Before breakfast, on a walk along the beach towards the cape, we spotted a water snake in the mangroves and a monitor lizard on the beach. It took me 38 years to see an adder in the UK, but here it’s difficult to avoid dangerous and deadly creatures.
On a local tip, we took the dirt track, the beginning of the old road to Cooktown and Cape York, to Emmagen Creek, which had been described as a beautiful blue swimming hole off the beaten track. We parked beside the creak with a big yellow croc warning and took a path through the rainforest. The path was not well trodden. After about 15 minutes Digs said if we were quiet we might see something. We all hushed up and kept our rustling to a minimum. Then Raz saw something. “Snake!” he said as a loudish whisper. Digs was first and hadn’t seen it, which meant he had probably walked over it. I saw it slide off diagonally into the bush; a long slim black one.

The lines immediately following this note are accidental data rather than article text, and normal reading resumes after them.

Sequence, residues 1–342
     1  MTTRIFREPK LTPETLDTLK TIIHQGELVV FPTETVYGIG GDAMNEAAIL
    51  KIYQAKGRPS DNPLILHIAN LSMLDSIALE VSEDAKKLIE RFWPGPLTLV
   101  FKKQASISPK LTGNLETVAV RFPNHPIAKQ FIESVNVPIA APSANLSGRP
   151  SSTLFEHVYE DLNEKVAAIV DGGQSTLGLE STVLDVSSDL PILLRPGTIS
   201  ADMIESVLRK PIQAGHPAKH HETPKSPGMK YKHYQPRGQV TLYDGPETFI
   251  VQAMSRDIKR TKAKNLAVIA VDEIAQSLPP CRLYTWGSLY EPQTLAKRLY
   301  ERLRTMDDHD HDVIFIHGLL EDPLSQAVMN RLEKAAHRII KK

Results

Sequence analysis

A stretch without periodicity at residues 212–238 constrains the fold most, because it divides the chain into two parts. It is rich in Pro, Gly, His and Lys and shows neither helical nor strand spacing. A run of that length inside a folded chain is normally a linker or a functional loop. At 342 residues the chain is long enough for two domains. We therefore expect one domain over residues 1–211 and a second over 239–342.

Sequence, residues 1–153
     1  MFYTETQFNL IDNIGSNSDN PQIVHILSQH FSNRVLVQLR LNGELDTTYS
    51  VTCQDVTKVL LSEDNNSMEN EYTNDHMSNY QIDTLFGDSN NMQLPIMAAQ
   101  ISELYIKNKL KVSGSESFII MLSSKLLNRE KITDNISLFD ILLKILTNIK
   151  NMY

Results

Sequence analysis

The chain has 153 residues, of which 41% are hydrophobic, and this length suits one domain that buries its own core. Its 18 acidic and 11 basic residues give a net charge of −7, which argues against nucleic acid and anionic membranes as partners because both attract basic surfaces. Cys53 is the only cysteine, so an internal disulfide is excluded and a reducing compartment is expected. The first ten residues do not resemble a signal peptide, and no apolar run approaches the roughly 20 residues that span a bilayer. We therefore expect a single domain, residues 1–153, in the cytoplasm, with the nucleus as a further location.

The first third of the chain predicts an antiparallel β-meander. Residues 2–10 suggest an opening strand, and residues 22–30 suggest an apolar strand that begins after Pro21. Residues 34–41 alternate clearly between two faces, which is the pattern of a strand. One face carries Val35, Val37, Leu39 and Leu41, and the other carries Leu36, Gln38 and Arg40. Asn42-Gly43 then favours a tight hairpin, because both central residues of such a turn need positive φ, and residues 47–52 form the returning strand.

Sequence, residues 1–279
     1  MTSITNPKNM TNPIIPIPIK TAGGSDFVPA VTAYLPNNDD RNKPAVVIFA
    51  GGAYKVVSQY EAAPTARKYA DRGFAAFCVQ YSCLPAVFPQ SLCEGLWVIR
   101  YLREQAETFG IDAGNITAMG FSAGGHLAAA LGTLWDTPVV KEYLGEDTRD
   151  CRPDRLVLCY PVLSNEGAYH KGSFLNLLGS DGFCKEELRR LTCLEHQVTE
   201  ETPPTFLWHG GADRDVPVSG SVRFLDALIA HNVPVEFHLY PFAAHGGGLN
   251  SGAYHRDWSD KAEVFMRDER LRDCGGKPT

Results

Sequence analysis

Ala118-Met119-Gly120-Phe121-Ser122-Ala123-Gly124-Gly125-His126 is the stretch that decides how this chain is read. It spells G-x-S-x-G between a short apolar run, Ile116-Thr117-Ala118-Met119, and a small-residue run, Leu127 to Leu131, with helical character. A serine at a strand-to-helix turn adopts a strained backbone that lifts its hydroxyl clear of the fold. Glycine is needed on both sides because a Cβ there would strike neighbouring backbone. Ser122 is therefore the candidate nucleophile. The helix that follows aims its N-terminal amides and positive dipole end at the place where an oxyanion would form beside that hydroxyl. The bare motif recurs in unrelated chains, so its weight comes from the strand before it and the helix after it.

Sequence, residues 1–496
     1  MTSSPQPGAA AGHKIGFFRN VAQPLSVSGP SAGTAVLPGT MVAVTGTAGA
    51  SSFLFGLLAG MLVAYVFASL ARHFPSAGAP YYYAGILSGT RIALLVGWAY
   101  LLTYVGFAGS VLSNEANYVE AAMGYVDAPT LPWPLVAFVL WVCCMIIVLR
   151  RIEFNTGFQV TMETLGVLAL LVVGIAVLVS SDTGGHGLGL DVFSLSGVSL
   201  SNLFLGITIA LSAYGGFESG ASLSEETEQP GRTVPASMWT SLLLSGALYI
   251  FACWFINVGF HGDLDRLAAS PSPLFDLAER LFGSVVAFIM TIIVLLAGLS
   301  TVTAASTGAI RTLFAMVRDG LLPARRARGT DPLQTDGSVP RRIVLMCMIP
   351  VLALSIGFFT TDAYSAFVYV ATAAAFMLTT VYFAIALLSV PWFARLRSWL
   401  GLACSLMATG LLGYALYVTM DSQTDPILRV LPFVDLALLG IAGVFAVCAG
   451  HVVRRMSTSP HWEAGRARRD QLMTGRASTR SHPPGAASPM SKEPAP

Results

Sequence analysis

A couple of minutes later we ended up, freaked out, at the creek. The banks were full of holes – croc holes – and it was spooky. We saw a couple of impossibly blue and large butterflies dancing together, as if in warning, over the creak. We speed-ate a family-sized packet of crisps, then got the hell of there, making as much of a racket as we could. I sang the Batman theme tune on a loop and some of the kids growled like bears.
We found out later that our snake could have either been a King Brown – highly dangerous, or a Red Bellied Black Snake, another of Queensland's most deadly serpents, but fortunately not an actively agressive one like the Taipans which chase the sugar cane workers in the fields.
|Cape Trib: Bear and Magi sat on the beach.|
|Emmergen (Killer) Creek|